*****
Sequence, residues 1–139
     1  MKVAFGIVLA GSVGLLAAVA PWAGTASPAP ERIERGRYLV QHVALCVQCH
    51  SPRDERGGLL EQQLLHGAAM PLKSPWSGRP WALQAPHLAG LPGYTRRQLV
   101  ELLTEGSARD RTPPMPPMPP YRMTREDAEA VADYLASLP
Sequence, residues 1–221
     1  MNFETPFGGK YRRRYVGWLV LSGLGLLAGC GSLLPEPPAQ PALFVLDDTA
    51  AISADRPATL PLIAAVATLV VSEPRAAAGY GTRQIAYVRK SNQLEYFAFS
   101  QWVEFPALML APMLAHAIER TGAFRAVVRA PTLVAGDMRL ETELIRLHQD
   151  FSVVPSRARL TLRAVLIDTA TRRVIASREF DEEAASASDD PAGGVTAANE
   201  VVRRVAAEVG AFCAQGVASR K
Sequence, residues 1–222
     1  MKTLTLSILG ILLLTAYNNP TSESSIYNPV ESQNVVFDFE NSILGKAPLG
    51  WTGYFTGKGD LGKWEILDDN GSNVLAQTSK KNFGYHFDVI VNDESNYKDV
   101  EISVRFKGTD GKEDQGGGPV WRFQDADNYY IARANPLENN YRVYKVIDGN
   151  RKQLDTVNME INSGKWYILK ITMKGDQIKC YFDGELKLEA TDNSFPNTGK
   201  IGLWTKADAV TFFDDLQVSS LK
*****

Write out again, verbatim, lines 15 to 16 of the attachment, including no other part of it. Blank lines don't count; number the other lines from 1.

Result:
   151  RKQLDTVNME INSGKWYILK ITMKGDQIKC YFDGELKLEA TDNSFPNTGK
   201  IGLWTKADAV TFFDDLQVSS LK